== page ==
Writers: Frank Miller, Brian Azzarello / Artist: Andy Kubert / DC Comics
I cannot tell you how excited I am that the third addition to Frank Miller’s Dark Knight series is so good. The Dark Knight Returns was a series so relentlessly good, it revolutionized comics forever. Now, with the help of Brian Azzarello and Andy Kubert, Miller has clearly returned to reestablish this series as the riveting superhero myth it deserves to be remembered as. Because Dark Knight Strikes Again was a calamitous train wreck that deserves to be struck from the record books like Superman III or Ghost Rider: Spirits of Vengeance.
There’s a lot to like in this finale. Most notably, this book has turned out to be more optimistic than I ever thought anything with Frank Miller’s name on it was capable of. Usually, when these stories burn everything down, it stays burnt and that’s the happy ending. This time, when you look at the forest instead of the trees, it turns out this story burned it all down and built a lot back up. Also, anyone who read Dark Knight Returns will be shocked and amazed to know that this book really believes in Superman. Originally, Miller’s Superman was sort of a gullible government boob. The son of Krypton we meet at the end of this book is exactly what Superman should be: the archetype, the example. In fact, issue #9 puts Batman in the background (where he needs to be sometimes as such a high profile and, at times, oversaturated character) so much that the book should really be considered the epilogue, wrapping a few plot points up with a nice little bow.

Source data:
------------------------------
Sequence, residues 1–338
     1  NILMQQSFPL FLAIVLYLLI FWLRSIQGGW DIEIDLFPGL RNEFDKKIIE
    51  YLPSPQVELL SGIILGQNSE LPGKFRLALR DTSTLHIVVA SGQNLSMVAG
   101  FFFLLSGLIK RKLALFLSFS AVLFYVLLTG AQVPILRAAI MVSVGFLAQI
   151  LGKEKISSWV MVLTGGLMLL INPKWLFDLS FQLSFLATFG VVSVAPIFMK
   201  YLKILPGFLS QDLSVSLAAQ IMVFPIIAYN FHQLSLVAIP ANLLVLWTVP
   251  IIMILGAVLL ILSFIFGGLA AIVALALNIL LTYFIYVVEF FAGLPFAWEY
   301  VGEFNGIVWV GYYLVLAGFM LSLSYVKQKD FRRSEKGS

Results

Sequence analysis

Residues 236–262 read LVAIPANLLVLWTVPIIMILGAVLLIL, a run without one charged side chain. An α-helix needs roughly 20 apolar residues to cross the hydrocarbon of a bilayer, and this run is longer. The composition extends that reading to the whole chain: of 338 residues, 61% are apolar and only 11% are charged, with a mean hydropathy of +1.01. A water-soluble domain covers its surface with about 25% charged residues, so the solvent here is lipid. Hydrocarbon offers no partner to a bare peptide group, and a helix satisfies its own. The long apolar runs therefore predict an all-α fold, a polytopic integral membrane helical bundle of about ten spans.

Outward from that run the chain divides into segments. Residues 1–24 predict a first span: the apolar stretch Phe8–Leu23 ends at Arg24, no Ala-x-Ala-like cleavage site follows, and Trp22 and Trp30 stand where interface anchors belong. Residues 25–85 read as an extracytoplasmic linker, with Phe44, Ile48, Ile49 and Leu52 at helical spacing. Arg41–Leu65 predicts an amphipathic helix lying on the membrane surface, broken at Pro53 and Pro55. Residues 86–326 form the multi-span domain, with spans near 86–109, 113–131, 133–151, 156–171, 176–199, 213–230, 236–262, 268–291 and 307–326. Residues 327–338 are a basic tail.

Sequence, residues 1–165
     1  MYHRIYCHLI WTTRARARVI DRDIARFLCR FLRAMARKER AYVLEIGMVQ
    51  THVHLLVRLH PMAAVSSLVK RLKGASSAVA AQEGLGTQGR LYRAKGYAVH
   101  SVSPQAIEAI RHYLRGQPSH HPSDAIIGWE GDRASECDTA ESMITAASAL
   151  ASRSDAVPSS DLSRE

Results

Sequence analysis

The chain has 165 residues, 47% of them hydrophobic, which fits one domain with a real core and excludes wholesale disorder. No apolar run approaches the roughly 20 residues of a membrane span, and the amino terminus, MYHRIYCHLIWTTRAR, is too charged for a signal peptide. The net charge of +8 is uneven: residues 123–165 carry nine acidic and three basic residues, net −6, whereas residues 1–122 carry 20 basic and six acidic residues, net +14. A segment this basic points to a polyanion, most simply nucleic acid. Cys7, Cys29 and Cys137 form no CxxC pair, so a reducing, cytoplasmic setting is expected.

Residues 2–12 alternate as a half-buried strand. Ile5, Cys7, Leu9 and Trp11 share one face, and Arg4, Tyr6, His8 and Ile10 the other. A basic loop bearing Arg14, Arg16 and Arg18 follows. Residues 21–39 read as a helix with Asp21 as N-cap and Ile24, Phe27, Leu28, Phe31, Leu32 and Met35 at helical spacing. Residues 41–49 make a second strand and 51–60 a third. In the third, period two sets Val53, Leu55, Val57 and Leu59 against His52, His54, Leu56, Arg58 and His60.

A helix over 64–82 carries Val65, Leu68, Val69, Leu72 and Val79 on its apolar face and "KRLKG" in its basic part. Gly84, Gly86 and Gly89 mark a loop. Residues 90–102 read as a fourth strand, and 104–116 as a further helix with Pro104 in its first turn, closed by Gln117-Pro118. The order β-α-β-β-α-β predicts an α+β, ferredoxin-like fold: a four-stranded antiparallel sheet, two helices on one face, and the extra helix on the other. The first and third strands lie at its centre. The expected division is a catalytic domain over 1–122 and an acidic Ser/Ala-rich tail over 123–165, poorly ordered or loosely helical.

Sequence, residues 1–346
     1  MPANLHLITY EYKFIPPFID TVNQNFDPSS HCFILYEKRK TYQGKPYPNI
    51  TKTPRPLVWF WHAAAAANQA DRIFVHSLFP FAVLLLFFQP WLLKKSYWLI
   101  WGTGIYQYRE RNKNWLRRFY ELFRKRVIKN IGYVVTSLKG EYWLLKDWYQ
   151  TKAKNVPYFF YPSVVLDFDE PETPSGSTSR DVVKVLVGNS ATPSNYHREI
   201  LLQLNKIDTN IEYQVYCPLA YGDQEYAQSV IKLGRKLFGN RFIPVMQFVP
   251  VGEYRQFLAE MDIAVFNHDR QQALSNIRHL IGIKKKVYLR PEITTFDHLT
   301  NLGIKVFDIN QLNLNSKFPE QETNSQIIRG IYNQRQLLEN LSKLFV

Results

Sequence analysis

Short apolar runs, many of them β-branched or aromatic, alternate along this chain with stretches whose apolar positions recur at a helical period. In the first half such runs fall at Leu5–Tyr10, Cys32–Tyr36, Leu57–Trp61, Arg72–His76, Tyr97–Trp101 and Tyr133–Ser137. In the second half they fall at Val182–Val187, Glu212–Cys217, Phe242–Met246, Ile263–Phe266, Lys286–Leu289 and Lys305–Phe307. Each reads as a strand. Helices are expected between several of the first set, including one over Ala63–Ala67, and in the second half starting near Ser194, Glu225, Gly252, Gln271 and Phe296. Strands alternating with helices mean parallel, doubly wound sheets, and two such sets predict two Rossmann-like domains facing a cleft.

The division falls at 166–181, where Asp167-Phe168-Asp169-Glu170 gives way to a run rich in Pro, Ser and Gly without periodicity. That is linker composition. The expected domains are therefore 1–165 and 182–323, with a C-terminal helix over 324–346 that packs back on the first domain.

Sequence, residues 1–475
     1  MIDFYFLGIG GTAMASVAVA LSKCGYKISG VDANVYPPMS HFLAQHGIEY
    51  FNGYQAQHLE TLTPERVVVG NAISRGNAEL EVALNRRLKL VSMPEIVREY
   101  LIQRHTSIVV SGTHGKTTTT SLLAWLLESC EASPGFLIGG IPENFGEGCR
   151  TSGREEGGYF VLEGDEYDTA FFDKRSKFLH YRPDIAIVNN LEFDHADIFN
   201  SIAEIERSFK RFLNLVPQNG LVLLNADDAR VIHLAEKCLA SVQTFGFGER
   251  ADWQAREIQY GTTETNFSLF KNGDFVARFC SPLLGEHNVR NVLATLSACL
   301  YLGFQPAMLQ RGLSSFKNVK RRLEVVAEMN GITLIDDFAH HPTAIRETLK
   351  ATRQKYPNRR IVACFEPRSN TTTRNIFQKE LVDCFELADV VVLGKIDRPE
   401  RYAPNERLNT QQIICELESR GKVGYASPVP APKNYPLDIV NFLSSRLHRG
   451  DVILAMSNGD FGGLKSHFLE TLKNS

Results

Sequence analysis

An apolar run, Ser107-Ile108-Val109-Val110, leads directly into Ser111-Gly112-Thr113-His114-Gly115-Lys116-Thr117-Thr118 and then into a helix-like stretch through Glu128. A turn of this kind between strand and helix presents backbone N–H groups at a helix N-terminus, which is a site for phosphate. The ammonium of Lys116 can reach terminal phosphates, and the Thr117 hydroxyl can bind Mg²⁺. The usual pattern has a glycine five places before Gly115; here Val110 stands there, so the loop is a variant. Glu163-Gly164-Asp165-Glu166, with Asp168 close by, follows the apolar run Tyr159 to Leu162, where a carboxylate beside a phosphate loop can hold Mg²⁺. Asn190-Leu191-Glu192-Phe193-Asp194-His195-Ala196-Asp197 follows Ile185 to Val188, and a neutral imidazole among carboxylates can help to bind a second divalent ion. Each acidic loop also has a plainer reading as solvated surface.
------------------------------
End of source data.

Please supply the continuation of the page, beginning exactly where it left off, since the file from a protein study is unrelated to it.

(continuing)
As much as I’ve whined about there being a sequel on the horizon, by the end of this book, I was actually looking forward to seeing what’s next. Considering my feelings on Miller’s creative decline in places, that’s saying a lot for this book. Even though this book is missing some of the magic in Miller’s classic art style, that’s really just the nostalgia talking because Andy Kubert is the right guy for this job now. His artwork isn’t as splash-pagey as Miller’s but he definitely maintains a grand sense of scale that feels like it’s going to spill out over the page at times. There are so many visual highlights to write home about but Superman taking his big stand against Quar is easily one of the standout moments.
Bottom Line: The strongest tact this book could take was bringing a well plotted ray of positivity to Miller’s Batman future vision. This is an immensely strong finish to this story. Bravo.
Reading Dark Knight III: The Master Race? Find BNP’s other reviews of the series here.